(CN) – Europe’s highest court voided court-ordered damages against the EU on Thursday over speedy trial issues, finding the companies fighting antitrust fines cannot expect to be reimbursed for surety costs when they could have paid the fines instead.
Thursday’s order by the European Court of Justice stems from fines levied by the European Commission against plastic bag manufacturers for running a cartel in the sector. The manufacturers lodged an appeal of the fines with the European General Court in 2006, which was finally dismissed five years and nine months later.
While the EU high court upheld the fines in 2013, it also gave the companies a green light to sue the EU over the excessive length of proceedings. In 2017, the general court awarded damages totaling $918,000 based on the companies’ charges related to the sureties they put up on appeal.
All parties appealed the award, and on Thursday the Luxembourg-based high court acknowledged the need for speedy trials and that the EU may sometimes be liable for damages when proceedings are excessive. In this case, however, the “damages” the companies sought were incurred by voluntary actions: The companies opted to put up sureties rather than pay the fines up front and receive a refund from the commission if their appeal was successful.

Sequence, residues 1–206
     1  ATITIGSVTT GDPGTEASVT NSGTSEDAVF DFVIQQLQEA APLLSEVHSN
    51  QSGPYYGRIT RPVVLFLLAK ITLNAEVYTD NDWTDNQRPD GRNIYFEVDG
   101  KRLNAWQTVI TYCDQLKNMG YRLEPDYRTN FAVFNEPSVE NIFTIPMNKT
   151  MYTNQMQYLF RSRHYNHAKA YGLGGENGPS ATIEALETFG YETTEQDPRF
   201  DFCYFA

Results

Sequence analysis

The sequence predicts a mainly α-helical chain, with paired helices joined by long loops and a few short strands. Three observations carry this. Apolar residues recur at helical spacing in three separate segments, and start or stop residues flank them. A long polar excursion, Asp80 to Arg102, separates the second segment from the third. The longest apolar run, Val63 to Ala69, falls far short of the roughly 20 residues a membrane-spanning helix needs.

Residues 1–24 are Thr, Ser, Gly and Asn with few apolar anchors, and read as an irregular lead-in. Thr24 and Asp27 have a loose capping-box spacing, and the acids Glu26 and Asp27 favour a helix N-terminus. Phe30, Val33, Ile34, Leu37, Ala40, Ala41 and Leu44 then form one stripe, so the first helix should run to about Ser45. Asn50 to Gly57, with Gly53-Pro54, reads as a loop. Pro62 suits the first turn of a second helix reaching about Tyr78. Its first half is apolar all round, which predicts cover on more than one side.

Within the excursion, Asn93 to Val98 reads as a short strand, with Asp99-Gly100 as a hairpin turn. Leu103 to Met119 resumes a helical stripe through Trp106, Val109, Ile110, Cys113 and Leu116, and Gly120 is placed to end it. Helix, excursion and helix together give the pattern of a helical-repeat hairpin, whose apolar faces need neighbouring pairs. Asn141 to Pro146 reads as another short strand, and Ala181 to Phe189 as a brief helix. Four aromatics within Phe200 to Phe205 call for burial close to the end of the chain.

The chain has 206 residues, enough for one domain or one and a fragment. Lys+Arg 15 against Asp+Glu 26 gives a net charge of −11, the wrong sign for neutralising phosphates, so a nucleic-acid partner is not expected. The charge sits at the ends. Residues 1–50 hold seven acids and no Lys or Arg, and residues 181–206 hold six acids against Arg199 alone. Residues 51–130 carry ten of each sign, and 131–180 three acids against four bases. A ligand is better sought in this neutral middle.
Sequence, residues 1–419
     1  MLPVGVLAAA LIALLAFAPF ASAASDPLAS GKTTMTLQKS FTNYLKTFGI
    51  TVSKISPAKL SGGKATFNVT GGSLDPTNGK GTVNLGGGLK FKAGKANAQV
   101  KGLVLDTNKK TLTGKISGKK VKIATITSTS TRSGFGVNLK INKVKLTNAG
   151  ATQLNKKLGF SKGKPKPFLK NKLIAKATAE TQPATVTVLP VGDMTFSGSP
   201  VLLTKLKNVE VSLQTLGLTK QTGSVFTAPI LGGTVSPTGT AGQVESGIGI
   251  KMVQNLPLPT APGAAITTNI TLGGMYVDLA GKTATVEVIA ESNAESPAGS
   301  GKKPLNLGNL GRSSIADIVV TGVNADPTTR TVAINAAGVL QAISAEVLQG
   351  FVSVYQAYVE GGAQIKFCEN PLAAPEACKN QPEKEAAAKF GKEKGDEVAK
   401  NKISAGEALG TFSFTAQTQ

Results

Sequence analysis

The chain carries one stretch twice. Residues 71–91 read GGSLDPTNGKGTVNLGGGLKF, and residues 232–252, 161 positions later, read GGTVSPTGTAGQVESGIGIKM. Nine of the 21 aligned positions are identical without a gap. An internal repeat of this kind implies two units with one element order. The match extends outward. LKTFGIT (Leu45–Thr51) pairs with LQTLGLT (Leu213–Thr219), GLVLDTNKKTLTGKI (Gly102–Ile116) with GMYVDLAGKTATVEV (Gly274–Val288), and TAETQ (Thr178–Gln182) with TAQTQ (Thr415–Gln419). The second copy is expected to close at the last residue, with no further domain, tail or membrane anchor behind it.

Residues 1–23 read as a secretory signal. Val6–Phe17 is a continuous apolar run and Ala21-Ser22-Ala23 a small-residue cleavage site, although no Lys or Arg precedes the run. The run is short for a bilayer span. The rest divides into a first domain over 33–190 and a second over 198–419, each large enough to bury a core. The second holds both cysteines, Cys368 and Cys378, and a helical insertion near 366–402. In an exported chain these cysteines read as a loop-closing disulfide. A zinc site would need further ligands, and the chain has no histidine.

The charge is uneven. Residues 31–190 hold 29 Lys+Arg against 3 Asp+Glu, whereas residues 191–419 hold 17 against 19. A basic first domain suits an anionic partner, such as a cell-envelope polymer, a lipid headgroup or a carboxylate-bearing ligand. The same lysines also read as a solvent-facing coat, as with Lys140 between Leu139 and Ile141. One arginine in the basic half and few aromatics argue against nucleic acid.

“Nothing prevents, as a matter of EU law, that undertaking from terminating, at any time, the bank guarantee that it has provided and paying the fine imposed, where, in view of the evolution of the circumstances in relation to those existing on the date when that guarantee was provided, that undertaking deems that option more advantageous for it,” the high court wrote. “That might be the case, in particular, where the conduct of the proceedings before the general court leads the undertaking in question to take the view that the judgment will be delivered at a date later than that which it had initially envisaged and that, consequently, the cost of the bank guarantee will be higher than the cost that it had initially envisaged when providing that guarantee.”
The case is similar to a 2017 order by the European General Court awarding damages to a glass company whose appeal of a cartel fine took 4 ½ years to hear. The company sought $19 million; the court awarded just over $730,000 – the costs of maintaining the surety on appeal.
In other antitrust news, the European General Court on Thursday agreed with the European Commission’s 2014 assessment that a joint venture by Slovak Telekom and Deutsche Telekom – which owns 50 percent of Slovak Telekom – violated the law by making it difficult and costly for other operators to join the telecommunications market when it was opened to competition in the 2000s.
However, the court cut the fine on Deutsche Telekom from $35 million to just under $22 million after finding the company’s annual turnover did not support a fine enhancement levied by the commission.